Nicaragua Canal Project Owners Reduce Presence to a Minimum

While the peasant anti-canal movement demands Ortega overturn the canal law, Chinese billionaire Wang Jing is still missing.

The Hong Kong Nicaragua Development consortium (HKND) – owned by Chinese businessman Wang Jing, who in June 2013 received a concession from commander Daniel Ortega to build an interoceanic canal in Nicaragua – has reduced operations to a minimum in the country.

The news comes from Confidencial sources linked to the government and the private sector. “The information we received from above is that the canal will never be,” said a government source who declined to give details.

After inaugurating the first “works” of the canal in an act of propaganda celebrated in the zone of Brito on the southwestern coast of Nicaragua in December 2014, the Chinese tycoon, owner also of the telecommunications company Xinwei, has virtually disappeared. There is no news from Wang on the Xinwei website and even less on the HKND website.

The contract with the public relations company in charge of promoting Wang’s agenda in Nicaragua was canceled in view of the fact that there is no relevant activity to disclose.

On the HKND website, there is an April symposium on archaeological research, or the opening in July of an educational reforestation program in Rivas. But there is no information on bidding for construction works, or the purchase of land from farmers along the canal route.

The last activity developed by HKND was the sponsorship, two weeks ago, of the Second Pucciniano Festival of Latin America, without mentioning that one of the tenors who acts in the work, is Laureano Ortega Murillo (whose photo was published) son of the presidential couple and the plenipotentiary liaison of the government with the Chinese company.

‘Eichkandí’ (as HKND’s Chinese officials call it) started by offering a portfolio of multi-million-dollar sub-projects that included airports, railways, pipelines, ports on both oceans, roads, resorts, cement, steel and explosives manufacturing, in addition to exploring with the productive sector the purchase of grains, meat and vegetables to feed 25,000 workers.

Paul Oquist, the presidential advisor on public policy, assumed the international promotion of the project, promising that it would reduce extreme poverty from 14% to 7%, and that the economy could grow at double digits per year.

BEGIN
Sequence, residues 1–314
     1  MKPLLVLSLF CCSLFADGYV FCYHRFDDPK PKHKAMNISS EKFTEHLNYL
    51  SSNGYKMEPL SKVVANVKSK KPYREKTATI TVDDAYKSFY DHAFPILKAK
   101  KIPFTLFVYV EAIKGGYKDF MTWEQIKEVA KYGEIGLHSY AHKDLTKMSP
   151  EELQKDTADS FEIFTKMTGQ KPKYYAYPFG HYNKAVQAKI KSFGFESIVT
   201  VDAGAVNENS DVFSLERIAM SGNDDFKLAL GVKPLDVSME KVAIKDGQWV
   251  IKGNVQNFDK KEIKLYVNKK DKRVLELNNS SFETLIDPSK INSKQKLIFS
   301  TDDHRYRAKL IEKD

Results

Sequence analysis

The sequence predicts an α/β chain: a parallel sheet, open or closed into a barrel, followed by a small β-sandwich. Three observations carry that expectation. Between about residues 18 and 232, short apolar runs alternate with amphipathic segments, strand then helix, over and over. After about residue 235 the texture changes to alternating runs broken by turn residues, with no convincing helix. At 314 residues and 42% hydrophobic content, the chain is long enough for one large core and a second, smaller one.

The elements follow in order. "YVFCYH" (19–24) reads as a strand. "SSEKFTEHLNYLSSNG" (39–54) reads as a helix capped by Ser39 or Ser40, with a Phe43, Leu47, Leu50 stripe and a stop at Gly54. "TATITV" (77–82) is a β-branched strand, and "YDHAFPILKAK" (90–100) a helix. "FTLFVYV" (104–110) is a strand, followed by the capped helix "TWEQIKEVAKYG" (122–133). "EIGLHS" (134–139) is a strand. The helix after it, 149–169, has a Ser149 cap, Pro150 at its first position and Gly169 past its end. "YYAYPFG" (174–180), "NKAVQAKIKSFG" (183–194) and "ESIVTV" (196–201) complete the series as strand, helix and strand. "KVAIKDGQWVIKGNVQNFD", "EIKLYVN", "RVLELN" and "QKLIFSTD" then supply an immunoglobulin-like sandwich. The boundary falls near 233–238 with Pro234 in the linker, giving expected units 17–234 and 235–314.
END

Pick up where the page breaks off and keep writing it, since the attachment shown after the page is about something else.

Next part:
But none of these offers came to fruition. What HKND did was to start signing contracts with major international companies of reputed reputation for advice on legal, commercial, environmental or design issues.

In the process, the announced road that started the project is still an 8 mile dirt road, while thousands of peasants continue protesting against the threat of forced expropriation from the project valued by Wang Jing at US $50 billion.

Studies are kept secret

After making a lot of noise, the promise turned into complete silent. Meanwhile in Managua, there are several empty apartment buildings, which according to realtors were intended to welcome the arrival of hundreds of Chinese technicians and engineers who would come to build the canal project.

Wang Jing stopped coming to Nicaragua over two years ago and no longer invites Nicaraguan business committees to visit Beijing and Hong Kong.

Since then, the presence of HKND has been gradually declining. The major consulting firms completed their contracts, leaving their studies as secret as in the case of McKinsey, or simply left the ship before it sailed.

Private sector leaders who initially were enthusiastic about the promises of HKND and the government, were left waiting for Wang to show his investment muscle. “As long as Wang Jing doesn’t show the money and start buying land on the canal route, the canal does not exist,” said one businessman.

Meanwhile, the peasant movement led by Francisca “Chica” Ramírez, has called for a new protest march in Juigalpa on April 22nd, Earth Day, to demand that President Ortega rescind the canal law.

This article has been translated from Spanish by Havana Times

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